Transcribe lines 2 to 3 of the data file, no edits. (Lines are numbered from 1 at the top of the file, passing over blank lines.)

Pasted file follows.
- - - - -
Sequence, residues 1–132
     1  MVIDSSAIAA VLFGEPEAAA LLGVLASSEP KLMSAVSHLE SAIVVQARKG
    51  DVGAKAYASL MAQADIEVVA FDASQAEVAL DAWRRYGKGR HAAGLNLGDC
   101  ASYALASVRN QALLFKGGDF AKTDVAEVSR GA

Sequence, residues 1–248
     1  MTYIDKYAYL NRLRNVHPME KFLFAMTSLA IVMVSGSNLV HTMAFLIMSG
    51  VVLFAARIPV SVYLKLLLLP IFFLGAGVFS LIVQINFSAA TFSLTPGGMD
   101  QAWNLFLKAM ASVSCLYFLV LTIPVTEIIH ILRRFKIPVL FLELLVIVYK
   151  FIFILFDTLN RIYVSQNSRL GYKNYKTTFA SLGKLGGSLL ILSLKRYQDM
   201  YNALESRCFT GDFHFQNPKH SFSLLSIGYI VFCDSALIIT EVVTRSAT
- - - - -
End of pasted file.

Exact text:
     1  MVIDSSAIAA VLFGEPEAAA LLGVLASSEP KLMSAVSHLE SAIVVQARKG
    51  DVGAKAYASL MAQADIEVVA FDASQAEVAL DAWRRYGKGR HAAGLNLGDC